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Keep It Professional (even when it’s personal)

Posted on June 19, 2012



?A professional is someone who can do his best work when he doesn’t feel like it.?  –Alistair Cooke

I love this quote because it epitomizes how I believe a professional person should act. Having worked in this industry for almost a decade, I?ve had the privilege to work with some of the most amazing professional people, as well as a few people who have, er, challenged me. One of the main lessons I?ve taken away from all of these experiences is to always keep it professional, especially with clients. It will make all of your day-to-day interactions more pleasant and keep you an all-around happier person.

The key to keeping things professional is to try and focus only on the points related to the project topic and keep the personal opinions out of the equation. If topics veer off course into personal matters, try to keep them short and light. There is a long list of topics that should be avoided, but I know everyone reading this can probably figure out what they are. If it?s controversial or heated, it?s best left out of the workplace.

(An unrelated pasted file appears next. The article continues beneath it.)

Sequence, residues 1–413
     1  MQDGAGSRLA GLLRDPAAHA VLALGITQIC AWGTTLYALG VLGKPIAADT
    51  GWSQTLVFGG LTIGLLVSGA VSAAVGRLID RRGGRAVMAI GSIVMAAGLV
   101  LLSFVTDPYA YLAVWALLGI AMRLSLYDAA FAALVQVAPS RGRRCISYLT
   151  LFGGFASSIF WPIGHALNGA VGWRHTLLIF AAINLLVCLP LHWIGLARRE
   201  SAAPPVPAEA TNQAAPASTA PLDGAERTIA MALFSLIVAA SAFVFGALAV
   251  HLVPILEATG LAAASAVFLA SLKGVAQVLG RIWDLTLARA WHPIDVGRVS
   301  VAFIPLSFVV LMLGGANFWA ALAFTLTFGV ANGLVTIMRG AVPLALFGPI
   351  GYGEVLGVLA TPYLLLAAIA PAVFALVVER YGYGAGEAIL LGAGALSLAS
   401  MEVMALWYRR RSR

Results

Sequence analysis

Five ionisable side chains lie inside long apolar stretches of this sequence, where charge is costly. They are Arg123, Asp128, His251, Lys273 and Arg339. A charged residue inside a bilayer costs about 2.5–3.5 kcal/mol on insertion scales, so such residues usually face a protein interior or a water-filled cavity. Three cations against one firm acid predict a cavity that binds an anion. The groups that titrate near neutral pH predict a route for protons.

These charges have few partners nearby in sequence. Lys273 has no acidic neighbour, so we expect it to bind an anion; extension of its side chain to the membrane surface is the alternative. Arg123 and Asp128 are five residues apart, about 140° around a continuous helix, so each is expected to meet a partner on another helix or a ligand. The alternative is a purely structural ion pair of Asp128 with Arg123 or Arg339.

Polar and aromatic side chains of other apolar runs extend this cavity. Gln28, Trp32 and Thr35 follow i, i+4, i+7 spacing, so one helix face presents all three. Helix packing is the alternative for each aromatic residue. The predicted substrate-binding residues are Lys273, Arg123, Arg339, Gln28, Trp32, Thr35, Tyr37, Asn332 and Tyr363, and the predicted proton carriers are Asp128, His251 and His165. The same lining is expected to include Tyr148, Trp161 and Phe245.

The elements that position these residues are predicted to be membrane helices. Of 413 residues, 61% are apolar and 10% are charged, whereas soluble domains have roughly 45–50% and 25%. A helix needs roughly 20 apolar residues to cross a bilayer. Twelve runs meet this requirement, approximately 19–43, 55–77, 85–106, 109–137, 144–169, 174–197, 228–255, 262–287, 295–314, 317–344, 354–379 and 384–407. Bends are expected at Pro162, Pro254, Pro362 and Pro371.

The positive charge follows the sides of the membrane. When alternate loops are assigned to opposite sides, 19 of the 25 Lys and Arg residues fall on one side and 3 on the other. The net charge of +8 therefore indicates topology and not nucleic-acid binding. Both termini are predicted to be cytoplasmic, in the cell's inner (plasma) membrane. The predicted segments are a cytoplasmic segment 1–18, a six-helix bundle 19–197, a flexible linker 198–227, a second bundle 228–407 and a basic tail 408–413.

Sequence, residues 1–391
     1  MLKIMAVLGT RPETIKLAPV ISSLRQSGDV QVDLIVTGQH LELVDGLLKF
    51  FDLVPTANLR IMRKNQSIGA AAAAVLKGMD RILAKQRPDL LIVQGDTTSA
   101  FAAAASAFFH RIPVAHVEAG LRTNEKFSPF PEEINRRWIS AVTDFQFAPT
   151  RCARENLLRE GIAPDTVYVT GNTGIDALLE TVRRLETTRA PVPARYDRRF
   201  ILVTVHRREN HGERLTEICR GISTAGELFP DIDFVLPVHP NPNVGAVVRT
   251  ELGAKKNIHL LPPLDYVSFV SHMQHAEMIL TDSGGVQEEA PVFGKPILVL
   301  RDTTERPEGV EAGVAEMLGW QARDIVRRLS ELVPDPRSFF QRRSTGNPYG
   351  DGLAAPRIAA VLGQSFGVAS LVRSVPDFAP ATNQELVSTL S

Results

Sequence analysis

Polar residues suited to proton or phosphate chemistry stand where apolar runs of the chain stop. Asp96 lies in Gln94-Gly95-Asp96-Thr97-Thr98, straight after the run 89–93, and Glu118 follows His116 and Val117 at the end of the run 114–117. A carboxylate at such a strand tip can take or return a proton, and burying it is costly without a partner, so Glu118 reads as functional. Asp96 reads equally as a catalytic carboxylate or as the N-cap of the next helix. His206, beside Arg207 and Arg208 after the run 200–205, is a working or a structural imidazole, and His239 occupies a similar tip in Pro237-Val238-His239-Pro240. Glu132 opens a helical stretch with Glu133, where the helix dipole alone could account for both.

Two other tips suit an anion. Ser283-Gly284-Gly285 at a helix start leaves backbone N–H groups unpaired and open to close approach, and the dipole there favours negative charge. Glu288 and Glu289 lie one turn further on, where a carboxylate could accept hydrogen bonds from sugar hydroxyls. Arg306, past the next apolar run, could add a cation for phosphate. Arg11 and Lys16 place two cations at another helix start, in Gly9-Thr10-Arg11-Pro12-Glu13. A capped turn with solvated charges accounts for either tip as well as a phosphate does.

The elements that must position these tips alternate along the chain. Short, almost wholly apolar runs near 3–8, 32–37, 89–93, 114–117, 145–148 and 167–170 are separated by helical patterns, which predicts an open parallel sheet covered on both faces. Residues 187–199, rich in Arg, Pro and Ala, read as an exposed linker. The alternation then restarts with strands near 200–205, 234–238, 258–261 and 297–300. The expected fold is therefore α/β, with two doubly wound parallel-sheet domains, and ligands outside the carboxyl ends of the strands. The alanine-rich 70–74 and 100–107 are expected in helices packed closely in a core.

What if circumstances go even further and someone begins to verbally or personally attack you? The first thing to do is assess the situation to make sure this wasn?t something you inadvertently started. If it was, the best course of action is just to apologize. Often times a simple and sincere ?I?m sorry, please forgive me? can go a long way. I?ve stuck my foot in my mouth a few times, not even realizing it until after the fact. There was no backtracking without looking like a bigger jerk, so I just stopped what I was doing and apologized. And it WORKED, and we were able to move on from that situation. Don?t be afraid of the ?I?m sorry?, it will make your life a lot easier and calm the waters more quickly.

This is also a great strategy to use when you feel very passionately about your design and may cross a line defending it. As a designer, this is a feeling I understand very well. I created this (what I think is a) FABULOUS design. I love it, it?s like my most precious of possessions, and I present it to my boss or the client and they? DON?T love it. How could they not LOOOVE IT? It?s perfect! Trust me when I say it only appears to be this way because you are so close to it. Sometimes, as designers, it can be difficult to look at our own work with an objective eye. This is also true for thinking everything we make looks like a dirty bathroom stall when everyone else thinks it looks great. Most of the time it?s ideal to have another set of eyes look at what you are working on to give a fresh perspective.